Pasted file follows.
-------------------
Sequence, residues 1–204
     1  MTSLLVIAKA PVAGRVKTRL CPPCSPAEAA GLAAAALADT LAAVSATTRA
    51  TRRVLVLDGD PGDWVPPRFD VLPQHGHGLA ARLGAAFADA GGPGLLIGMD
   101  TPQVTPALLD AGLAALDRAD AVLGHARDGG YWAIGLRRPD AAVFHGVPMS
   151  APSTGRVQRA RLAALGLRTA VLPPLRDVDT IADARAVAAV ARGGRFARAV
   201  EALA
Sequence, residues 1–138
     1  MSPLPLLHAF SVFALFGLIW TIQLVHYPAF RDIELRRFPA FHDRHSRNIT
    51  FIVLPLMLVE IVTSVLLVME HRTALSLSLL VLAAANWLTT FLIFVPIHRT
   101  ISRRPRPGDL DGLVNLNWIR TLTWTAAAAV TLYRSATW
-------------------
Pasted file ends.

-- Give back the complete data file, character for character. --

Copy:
Sequence, residues 1–204
     1  MTSLLVIAKA PVAGRVKTRL CPPCSPAEAA GLAAAALADT LAAVSATTRA
    51  TRRVLVLDGD PGDWVPPRFD VLPQHGHGLA ARLGAAFADA GGPGLLIGMD
   101  TPQVTPALLD AGLAALDRAD AVLGHARDGG YWAIGLRRPD AAVFHGVPMS
   151  APSTGRVQRA RLAALGLRTA VLPPLRDVDT IADARAVAAV ARGGRFARAV
   201  EALA
Sequence, residues 1–138
     1  MSPLPLLHAF SVFALFGLIW TIQLVHYPAF RDIELRRFPA FHDRHSRNIT
    51  FIVLPLMLVE IVTSVLLVME HRTALSLSLL VLAAANWLTT FLIFVPIHRT
   101  ISRRPRPGDL DGLVNLNWIR TLTWTAAAAV TLYRSATW